All zooms, whether they have an extending barrel or not, have at least two elements (and usually more) that move during zooming. The elements move along helical tracks, rotating as they go. Moving elements away from each other can magnify aberrations, which would reduce MTF, of course. The lens designer would attempt to correct for that, but lens design is always a compromise. The simple act of moving an element might tilt it or alter spacing from ideal.

However, there’s no reason I know of to think one position is better than the other. The movements of the zoom elements are usually complex. It’s not as simple as ‘when you zoom in, elements move further away from each other.’ If only the extending barrel zooms acted this way, then that might have something to do with it, but that’s not the case. A couple of these actually extend to get to the wide end and are ‘at rest’ in the center of the zoom range.

Lens design probably has more to do with it. Zoom lenses are designed, as best I understand, from a starting focal length. Then the design is modified to allow it to zoom, then corrections made for the aberrations that the zooming created and the cycle repeats until either the lens designer’s deadline hits or the marketing department is satisfied. It would make sense to start the design at the widest end which is probably the more difficult to design. That might, then, remain the better end when the design is complete.

The complexity of designing the wide end is probably less today with modern lens-design software, but in the optical industry, old habits die hard. If the practice was to begin a design at the wide end, that’s probably still the practice now. Not to mention the reality of lens design is that the designer usually begins with an existing lens, then modifies it. They rarely start the design from scratch.

Finally, and I know more about this than I do about lens design, there is the optical adjustment of the lens. For every zoom lens the adjustments are done at the wide end first, then a set of separate and more limited adjustments are done at the long end. But the rule of ‘get the wide end right, then tweak the long end’ is pretty universal for zooms.

So, to summarize: I don’t know why, exactly. The above was just me speculating on some logical reasons.

But I think it’s a useful and interesting thing to know, and something I’ve never heard talked about. With very, very few exceptions, every wide and standard range zoom is sharpest at it’s widest end.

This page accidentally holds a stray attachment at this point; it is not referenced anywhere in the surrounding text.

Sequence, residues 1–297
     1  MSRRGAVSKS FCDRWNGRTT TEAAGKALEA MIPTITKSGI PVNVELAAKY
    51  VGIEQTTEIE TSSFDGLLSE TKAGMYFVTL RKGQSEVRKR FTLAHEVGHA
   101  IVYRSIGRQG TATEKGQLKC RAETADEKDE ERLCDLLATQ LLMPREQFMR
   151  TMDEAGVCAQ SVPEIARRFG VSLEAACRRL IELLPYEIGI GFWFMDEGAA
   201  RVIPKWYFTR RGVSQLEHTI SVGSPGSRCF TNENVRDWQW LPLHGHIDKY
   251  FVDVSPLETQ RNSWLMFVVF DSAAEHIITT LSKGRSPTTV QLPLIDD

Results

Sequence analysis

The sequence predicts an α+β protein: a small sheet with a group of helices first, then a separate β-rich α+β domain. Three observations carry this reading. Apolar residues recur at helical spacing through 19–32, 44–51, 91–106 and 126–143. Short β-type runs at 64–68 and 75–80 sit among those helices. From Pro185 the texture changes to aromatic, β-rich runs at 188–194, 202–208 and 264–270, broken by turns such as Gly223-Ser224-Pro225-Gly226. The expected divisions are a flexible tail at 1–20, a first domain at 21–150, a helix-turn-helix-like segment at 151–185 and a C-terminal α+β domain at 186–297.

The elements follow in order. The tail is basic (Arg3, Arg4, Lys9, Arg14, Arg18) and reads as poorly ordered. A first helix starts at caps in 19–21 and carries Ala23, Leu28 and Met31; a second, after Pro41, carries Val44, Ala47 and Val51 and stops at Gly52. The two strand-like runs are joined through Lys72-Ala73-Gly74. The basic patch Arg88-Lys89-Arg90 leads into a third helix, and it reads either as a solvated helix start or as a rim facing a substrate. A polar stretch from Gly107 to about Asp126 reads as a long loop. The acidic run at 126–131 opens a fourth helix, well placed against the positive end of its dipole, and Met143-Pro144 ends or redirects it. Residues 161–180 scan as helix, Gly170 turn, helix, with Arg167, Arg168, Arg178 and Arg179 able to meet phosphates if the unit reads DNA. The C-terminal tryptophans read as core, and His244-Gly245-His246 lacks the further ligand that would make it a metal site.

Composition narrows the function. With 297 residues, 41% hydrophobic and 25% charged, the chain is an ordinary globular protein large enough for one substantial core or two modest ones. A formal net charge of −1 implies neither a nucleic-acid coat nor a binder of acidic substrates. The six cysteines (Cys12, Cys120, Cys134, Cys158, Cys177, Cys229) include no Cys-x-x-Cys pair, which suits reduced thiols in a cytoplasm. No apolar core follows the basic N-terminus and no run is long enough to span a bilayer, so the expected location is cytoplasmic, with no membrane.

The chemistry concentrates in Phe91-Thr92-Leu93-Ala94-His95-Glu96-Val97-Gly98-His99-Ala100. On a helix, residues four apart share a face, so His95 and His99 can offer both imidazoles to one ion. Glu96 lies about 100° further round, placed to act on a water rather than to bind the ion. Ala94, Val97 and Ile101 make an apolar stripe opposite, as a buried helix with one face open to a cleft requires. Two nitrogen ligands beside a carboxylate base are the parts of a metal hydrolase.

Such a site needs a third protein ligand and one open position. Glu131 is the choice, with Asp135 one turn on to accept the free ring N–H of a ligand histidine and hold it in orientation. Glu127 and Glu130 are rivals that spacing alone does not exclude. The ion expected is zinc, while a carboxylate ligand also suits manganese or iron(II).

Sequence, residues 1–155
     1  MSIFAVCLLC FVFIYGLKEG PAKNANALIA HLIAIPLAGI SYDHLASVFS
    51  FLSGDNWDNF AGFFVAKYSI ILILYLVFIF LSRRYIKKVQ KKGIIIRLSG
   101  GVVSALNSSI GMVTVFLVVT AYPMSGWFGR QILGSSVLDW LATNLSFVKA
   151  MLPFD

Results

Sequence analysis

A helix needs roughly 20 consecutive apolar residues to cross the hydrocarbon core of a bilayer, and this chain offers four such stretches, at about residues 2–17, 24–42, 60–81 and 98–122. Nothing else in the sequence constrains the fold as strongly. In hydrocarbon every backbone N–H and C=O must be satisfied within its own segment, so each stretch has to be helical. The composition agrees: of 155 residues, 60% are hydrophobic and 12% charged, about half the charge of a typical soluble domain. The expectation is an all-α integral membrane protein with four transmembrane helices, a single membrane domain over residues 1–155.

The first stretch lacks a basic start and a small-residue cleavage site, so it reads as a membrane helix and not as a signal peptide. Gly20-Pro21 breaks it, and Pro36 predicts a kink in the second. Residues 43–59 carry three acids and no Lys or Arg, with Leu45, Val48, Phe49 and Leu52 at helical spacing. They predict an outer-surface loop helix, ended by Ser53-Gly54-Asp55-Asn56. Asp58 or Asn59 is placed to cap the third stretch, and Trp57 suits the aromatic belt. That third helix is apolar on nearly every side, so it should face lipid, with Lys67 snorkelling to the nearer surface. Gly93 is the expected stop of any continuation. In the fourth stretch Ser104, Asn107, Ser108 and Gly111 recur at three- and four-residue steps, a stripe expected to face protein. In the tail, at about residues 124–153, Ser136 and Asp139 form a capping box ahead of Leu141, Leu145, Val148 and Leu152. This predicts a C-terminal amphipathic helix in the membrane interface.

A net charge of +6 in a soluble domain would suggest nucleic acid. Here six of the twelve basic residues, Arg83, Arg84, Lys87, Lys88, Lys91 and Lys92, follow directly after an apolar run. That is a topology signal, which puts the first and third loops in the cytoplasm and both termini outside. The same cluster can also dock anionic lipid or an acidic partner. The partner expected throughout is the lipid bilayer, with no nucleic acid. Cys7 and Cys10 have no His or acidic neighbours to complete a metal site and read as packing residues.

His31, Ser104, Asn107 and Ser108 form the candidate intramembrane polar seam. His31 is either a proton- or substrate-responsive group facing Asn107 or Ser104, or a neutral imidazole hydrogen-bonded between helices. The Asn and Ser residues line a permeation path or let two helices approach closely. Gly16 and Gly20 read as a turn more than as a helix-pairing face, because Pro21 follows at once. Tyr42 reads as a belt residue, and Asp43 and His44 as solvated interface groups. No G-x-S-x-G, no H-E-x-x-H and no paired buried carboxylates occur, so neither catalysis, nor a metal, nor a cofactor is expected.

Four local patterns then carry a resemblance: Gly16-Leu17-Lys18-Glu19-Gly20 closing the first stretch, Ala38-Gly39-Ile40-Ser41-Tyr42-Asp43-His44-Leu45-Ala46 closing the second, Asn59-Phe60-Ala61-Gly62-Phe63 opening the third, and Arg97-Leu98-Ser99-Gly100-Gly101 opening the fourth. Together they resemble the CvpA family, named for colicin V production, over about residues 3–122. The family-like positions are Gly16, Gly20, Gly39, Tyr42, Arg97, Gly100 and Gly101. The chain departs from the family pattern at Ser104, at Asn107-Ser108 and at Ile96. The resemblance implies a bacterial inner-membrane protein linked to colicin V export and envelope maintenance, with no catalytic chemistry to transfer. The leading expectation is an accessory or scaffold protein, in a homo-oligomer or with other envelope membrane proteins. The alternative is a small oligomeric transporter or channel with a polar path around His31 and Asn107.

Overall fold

Roger Cicala, Markus Rothacker, Aaron Closz, and Brandon Dube


March, 2017


Addendum: Just because I know it’s coming, let me take a moment to comment on the inevitable people who will say, “I know you presented thousands of data points on hundreds of lenses, but you’re wrong because I have one that’s different.”

You actually might. Depending on the lens type tested between 0% and 15% are actually sharper at the long end. It does happen. It’s just not the general rule.

Second, we consider the fact that we see more detail when we zoom the lens to be the same as sharpness. If my subject fills up 10% of the frame and I zoom in, so it fills up 30% of the frame, I will see more detail. That’s not the same as sharpness. What the data I showed says is, within reason, if you shot an image at 70mm, then moved so that you had exactly the same framed image at 24mm, the 24mm image would have more detail.

And third, especially with wide zooms, if you shoot a test chart make sure you shoot different sizes of the same chart at the same distance. If you get close to a chart at the wide end, you may start approaching minimum focusing distance where lenses are less sharp.

Author: Roger Cicala

I’m Roger and I am the founder of Lensrentals.com. Hailed as one of the optic nerds here, I enjoy shooting collimated light through 30X microscope objectives in my spare time. When I do take real pictures I like using something different: a Medium format, or Pentax K1, or a Sony RX1R.

Posted in Geek Articles
  • Patrick Chase

    Abolutely agreed. Then back up to infinity, do the same thing, and note that the entrance pupil now appears to occupy almost the entire front element regardless of where it’s located in the lens. My point was never about the depth/location of the EP, and I can’t understand why we’re arguing about that. It’s a canard.

    w.r.t. the FoV argument, these lenses do vignette wide-open, so again there’s no contradiction :-).

  • Brandon Dube

    I encourage you to hold a 70-200mm f/2.8 lens in your hand, look through the front of it, rotate the lens or do whatever you need to do to enhance your depth perception, and tell me where the aperture appears to be.

    It is very deep in the lens, far from the front element.

  • Turniphead

    I think the reason for the prevalence of zooms is that’s simply what the majority of users want in that focal length range. A high end full-frame 11mm lens would be a very niche lens – I probably wouldn’t buy it; but a high end 11-24 zoom covers pretty much the most interesting range of focal lengths for me – so if I had the money, I’d buy it!

    I think the main reason we don’t see many primes wider than 24mm equiv on MFT is that they’d be excessively large and bulky compared to the rest of the system. Most MFT buyers chose MFT because they wanted a smaller and lighter system, so I doubt they would sell as well as the somewhat less wide (but much smaller, cheaper and lighter) pancakes.